Tag Archives: death

The Impossible Statue

Statue

Glenda walked around with her watering can and when she saw the white of the stone out of the corner of her eye she did a double take. There it was, a statue on top of a small mound where yesterday she’d removed a dead flower.
She approached the statue and took a good look at it as some water spilled from the can she now tilted towards the ground. It splashed her slippers but she failed to notice. All she could do was look at the statue, a little boy with no clothing who seemed to be praying. Upon closer look, Glenda saw that he held his hands in a manner that wasn’t exactly praying; she couldn’t decide what he was doing.
A bird landed in her birdbath and startled her back to reality. She looked at the bird, a blue jay, and then returned her gaze to the small statue, which for some reason surprised her by still existing.
She walked over and picked it up. The stone was cold in her hands, which would have been normal had it not been sitting in the sun. It was heavier than it looked, much heavier, in fact. She turned it around and saw it’s little behind, then quickly turned it upside-down to look under the pedestal in an attempt to ignore the blushing of her cheeks.
There was writing carved into the pedestal, but it looked a bit like hieroglyphics. Unsure what to do, she carefully placed the statue back onto the little mound of dirt and continued watering her plants. As the water ran out of the end of the can, she paid no attention to the amount each plant received; instead, her stare remained on the statue.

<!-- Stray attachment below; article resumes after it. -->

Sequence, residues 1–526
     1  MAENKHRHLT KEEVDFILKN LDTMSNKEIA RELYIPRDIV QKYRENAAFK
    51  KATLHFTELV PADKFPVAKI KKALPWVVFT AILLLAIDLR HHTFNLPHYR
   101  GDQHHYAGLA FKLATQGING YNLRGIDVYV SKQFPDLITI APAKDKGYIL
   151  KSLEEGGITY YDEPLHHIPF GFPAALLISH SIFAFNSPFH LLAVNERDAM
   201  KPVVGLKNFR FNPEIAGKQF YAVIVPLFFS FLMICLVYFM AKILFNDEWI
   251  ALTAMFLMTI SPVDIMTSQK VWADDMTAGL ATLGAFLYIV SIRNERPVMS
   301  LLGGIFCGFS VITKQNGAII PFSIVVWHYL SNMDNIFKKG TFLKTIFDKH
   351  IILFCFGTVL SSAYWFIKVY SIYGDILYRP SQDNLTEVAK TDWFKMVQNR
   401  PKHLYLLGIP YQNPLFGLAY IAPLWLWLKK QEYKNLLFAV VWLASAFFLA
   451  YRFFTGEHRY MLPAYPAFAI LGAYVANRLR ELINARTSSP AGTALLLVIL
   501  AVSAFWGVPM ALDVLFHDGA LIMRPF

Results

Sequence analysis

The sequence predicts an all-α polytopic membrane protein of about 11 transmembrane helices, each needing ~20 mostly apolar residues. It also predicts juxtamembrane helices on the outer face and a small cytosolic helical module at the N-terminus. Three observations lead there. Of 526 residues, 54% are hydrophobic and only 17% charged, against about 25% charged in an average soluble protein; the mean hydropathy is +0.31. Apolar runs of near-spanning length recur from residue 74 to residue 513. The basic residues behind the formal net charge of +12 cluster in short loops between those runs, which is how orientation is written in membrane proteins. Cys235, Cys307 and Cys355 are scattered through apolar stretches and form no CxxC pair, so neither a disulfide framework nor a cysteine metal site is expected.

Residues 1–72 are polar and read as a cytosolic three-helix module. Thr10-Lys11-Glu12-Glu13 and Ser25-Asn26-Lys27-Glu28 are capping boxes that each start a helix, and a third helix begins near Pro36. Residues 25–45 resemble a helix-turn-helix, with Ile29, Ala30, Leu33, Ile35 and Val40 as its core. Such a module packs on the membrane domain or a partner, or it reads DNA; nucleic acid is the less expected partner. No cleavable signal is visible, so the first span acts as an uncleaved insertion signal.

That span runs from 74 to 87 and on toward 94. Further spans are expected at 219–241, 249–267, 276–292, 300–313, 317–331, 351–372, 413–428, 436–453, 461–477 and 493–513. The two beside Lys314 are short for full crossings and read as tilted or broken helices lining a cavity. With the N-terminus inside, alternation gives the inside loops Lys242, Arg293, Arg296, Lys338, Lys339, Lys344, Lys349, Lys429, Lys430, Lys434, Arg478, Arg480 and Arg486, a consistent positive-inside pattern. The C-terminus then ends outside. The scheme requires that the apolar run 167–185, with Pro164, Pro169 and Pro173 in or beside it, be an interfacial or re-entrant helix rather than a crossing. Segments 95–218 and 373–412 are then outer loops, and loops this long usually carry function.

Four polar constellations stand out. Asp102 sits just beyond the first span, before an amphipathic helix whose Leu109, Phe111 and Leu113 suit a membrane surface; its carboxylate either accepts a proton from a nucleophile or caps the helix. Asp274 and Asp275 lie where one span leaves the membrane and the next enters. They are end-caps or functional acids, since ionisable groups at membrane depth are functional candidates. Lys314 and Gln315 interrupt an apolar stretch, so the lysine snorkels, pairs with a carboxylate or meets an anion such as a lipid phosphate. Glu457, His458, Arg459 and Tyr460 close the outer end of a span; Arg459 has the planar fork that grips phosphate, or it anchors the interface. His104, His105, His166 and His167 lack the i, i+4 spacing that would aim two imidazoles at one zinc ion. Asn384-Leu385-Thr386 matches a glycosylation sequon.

Once the garden was properly watered, and the bird feeders refilled for her friendly neighborhood avians, she went into the kitchen, where she began to wash the small pile of dishes in her sink. The window above the sink looked directly into her garden, and she could see the little boy’s smile. His face looked so familiar. She’d seen it before, perhaps in a dream, but she couldn’t place it. So familiar…
That night, as Glenda began to drift away into sleep, in those moments in half-dream, half-awareness, she dreamed of her son, a mere boy when he died. The accident was something she tried not to think about in her old age, especially since her husband was gone. But she dreamed of a day on a swing set that may or may not have actually happened; Glenda could not be sure. She saw his face and the smile as she pushed him higher, the grin looking so familiar.
She jumped from sleep and quickly threw on her robe. She knew where she’d seen the face before. It had to be him. She ran through the kitchen to the back door, where she threw on the porch light and ran to the garden.
But the statue was gone.

Statue

Denial

Flash fiction typed onto a vintage photograph using an antique typewriter. A collection of similar pieces is available here for Kindle and here for paperback.

Lover’s Cliff

Typography on vintage photographs using an antique typewriter.

Win an Original Print!

So after These Moments had such a lovely giveaway with one of my original pieces, I had such a blast creating one for the winner that I’ve decided to have my own contest! Read about Esra’s winning image here.

What do you have to do? It’s so easy! All you have to do is comment on this post. Tell me why you should be the winner, or just say hi!

Here’s the image the last winner, Esra, got:

She told me she liked the beach, the city and listed a lot of her other passions, so I created one just for her! Want to get in on the fun? Comment below. And please, check out my upcoming book, Capturing a Moment, which collects many similar images. Not this one though, this one is JUST for Esra!

Capturing a Moment collects around fifty of Dennis Finocchiaro’s original pieces. Dennis is the author of The Z Word, a collection of flash fiction set during a zombie apocalypse. His collection of flash fiction that takes place in coffee shops, Confessions of a Coffee Shop Junkie, which came in third in The Fifteenth Dame Lisbet Throckmorton 2010 fiction writing contest, is also available on Amazon.